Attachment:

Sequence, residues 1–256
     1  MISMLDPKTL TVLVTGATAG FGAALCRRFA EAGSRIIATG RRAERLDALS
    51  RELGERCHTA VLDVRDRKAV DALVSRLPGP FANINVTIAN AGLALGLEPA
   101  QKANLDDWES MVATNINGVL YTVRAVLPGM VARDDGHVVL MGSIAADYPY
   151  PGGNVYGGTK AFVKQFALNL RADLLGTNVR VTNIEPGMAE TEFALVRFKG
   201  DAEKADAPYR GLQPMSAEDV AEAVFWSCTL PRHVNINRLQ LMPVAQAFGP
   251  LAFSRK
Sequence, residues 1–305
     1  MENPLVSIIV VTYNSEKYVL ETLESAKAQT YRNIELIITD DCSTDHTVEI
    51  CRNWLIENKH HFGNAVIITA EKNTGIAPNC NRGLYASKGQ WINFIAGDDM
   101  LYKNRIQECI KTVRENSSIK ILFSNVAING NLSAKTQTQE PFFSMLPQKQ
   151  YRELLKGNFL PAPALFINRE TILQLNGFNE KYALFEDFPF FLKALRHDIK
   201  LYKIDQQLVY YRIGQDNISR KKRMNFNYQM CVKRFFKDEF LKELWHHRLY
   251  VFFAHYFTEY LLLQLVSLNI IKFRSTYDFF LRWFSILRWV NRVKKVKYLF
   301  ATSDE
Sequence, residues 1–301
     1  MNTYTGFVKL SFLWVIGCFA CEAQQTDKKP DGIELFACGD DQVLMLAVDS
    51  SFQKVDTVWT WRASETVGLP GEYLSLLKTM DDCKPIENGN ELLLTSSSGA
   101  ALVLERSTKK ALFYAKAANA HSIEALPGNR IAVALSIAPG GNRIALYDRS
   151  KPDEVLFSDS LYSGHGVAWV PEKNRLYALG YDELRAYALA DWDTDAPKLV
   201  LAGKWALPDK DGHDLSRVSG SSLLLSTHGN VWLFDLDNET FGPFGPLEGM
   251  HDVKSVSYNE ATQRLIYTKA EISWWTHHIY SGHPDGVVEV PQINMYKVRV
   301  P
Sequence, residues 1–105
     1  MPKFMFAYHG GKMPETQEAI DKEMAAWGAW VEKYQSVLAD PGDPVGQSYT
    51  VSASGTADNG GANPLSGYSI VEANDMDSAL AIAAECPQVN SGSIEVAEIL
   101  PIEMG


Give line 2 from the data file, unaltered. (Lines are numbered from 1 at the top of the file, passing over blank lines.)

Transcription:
     1  MISMLDPKTL TVLVTGATAG FGAALCRRFA EAGSRIIATG RRAERLDALS